U.S. breast cancer rate falls - East Valley Tribune: Health

U.S. breast cancer rate falls

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Posted: Thursday, December 14, 2006 1:07 pm | Updated: 3:39 pm, Fri Oct 7, 2011.

SAN ANTONIO - In a startling turnaround, breast cancer rates in the United States dropped dramatically in 2003, and experts said they believe it is because many women stopped taking hormone pills.

The 7.2 percent decline came a year after a big federal study linked menopause hormones to a higher risk of breast cancer, heart disease and other problems. Within months, millions of women stopped taking estrogen and progestin pills.

A new analysis of federal cancer statistics, presented Thursday at a breast cancer conference in Texas, revealed the drop in tumors.

About 200,000 cases of breast cancer had been expected in 2003; the drop means that about 14,000 fewer women actually were diagnosed with the disease.

Because breast cancer takes years to form, experts think that withdrawing hormones mostly caused small tumors that had been growing to stop or shrink, making them no longer detectable on mammograms. Whether this is true or will result in fewer cases over the long run will take more time to tell.

The next set of cancer statistics, for 2004, is due out in April.

Why do doctors think the 2003 drop is largely due to hormones?

Cases declined most among women 50 and older, with tumors whose growth is fueled by estrogen - the age group and type of cancer most affected by hormone use.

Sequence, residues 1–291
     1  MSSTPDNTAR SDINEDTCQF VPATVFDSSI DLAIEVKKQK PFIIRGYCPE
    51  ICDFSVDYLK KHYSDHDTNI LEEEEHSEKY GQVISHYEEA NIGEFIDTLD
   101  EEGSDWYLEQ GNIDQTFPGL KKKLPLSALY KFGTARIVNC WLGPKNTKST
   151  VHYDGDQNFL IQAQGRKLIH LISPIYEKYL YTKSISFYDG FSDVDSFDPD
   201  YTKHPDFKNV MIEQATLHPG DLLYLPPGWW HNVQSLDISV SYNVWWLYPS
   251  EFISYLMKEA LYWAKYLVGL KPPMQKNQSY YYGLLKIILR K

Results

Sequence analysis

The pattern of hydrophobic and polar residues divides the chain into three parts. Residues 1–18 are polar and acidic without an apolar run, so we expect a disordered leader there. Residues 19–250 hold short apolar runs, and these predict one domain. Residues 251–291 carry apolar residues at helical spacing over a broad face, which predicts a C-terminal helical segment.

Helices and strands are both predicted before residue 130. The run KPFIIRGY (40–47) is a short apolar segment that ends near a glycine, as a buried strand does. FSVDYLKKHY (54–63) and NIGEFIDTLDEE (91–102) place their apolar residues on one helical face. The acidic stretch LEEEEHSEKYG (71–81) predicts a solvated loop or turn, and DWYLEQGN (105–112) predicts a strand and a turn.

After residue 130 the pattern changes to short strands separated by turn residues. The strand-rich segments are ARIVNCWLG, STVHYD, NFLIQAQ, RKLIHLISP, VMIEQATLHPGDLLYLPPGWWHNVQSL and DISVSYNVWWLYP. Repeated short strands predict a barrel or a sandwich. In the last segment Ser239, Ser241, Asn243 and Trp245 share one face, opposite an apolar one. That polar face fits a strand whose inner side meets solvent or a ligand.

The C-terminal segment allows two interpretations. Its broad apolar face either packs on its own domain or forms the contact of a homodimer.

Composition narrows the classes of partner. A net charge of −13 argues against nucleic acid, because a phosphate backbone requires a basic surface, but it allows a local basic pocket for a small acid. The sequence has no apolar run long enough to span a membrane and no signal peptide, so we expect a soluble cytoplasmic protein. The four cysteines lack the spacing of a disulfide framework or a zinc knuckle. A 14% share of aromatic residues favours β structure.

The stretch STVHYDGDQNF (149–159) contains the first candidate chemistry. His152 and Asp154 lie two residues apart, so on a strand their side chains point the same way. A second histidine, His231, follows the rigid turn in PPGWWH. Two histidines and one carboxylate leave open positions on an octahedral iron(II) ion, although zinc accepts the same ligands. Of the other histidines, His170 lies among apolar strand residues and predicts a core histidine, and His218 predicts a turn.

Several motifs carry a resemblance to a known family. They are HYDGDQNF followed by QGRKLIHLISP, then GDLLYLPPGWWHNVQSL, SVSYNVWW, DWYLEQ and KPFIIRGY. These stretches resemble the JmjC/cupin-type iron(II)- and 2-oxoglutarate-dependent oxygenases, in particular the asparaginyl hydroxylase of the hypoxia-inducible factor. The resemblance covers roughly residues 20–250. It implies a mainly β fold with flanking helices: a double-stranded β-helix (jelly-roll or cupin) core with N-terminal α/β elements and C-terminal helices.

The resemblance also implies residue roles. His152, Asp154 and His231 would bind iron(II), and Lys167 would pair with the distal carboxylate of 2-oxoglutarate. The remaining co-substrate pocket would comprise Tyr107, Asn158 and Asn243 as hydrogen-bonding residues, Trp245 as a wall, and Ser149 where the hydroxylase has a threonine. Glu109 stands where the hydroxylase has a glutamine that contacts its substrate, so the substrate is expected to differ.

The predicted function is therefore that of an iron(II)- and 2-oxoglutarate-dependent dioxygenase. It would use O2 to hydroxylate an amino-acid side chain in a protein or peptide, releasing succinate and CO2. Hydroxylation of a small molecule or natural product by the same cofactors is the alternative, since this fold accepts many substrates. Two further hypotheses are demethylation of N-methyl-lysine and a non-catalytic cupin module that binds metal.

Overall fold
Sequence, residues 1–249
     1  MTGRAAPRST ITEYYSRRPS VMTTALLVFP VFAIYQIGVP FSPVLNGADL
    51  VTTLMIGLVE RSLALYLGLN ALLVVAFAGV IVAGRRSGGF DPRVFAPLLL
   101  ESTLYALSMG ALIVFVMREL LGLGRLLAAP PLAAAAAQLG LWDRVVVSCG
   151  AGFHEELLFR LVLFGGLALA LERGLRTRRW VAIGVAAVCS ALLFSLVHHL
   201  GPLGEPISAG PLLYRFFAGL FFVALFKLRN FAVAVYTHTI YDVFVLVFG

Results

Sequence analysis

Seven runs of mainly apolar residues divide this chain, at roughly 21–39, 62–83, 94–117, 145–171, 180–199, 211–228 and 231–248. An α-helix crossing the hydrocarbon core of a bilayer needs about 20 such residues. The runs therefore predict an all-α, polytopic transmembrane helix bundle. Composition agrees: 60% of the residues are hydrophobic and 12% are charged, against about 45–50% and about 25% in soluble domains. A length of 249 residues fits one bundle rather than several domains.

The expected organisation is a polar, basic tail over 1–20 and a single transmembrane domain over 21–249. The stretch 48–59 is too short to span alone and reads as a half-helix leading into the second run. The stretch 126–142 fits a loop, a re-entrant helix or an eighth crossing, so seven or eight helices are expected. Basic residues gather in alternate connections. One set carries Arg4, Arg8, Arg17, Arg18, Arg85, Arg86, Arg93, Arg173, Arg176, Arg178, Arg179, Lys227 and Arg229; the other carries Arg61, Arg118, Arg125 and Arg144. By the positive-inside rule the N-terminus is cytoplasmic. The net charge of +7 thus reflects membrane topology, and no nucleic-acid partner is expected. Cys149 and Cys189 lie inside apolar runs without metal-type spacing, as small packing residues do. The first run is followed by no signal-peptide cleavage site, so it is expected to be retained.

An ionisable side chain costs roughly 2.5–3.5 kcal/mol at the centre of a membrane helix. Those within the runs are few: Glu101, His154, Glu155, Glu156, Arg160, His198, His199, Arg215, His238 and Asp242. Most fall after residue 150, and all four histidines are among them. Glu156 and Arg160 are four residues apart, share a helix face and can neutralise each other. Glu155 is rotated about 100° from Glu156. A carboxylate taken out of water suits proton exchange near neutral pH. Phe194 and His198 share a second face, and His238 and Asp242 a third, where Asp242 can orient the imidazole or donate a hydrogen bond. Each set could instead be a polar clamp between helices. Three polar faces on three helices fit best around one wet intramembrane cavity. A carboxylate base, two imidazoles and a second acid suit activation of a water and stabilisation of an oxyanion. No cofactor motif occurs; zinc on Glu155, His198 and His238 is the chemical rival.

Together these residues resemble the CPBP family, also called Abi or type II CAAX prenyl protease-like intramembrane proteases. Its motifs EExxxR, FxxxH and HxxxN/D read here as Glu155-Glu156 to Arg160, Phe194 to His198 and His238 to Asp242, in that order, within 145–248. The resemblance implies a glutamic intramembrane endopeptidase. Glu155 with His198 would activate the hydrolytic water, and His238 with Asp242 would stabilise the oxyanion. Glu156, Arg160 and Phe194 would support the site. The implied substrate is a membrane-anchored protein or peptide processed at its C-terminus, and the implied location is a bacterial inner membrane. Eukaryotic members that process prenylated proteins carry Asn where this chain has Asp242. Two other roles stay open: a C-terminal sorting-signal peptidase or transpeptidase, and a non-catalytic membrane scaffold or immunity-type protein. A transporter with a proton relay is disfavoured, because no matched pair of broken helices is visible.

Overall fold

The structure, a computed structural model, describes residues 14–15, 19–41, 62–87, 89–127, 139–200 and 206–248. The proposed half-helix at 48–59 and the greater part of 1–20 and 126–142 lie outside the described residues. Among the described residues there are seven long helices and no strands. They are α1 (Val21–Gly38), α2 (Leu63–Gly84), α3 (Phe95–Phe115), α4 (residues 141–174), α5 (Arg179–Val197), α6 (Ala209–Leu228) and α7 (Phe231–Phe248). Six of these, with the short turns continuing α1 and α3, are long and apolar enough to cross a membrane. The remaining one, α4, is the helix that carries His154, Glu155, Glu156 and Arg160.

The drop also was seen in every single cancer registry that reports information to the federal government.

Researchers looked for a similar drop in other cancers, which could indicate something other than hormones was at work, "and we didn't see anything," said Kathy Cronin, a National Cancer Institute statistician who worked on the analysis.

When the 2003 numbers were first released a few months ago, they were grouped with 2001 and 2002 and portrayed as a leveling off of breast cancer after decades of steady rise. The big single-year drop was not pointed out because experts did not want to make too much of it without knowing whether the trend would continue.

However, Dr. Peter Ravdin, a breast cancer specialist at the University of Texas M.D. Anderson Cancer Center who led the new analysis, said the single year drop is important regardless, because it was so huge and came after years of steady increases.

"We don't know about whether or not it's going to be a trend but we know for this year it was a significant effect," he said.

Doctors estimate that half of women who were taking hormones stopped after July 2002, when the federal Women's Health Initiative study was halted because more women taking estrogen/progestin pills developed breast cancer or heart problems.

That led to new warning labels on the drugs and doctor groups urging women to use the lowest dose for the shortest time possible.

"The hypothesis is entirely plausible, that the discontinuation of hormone replacement therapy could be having an effect," said Dr. Michael Thun of the American Cancer Society.

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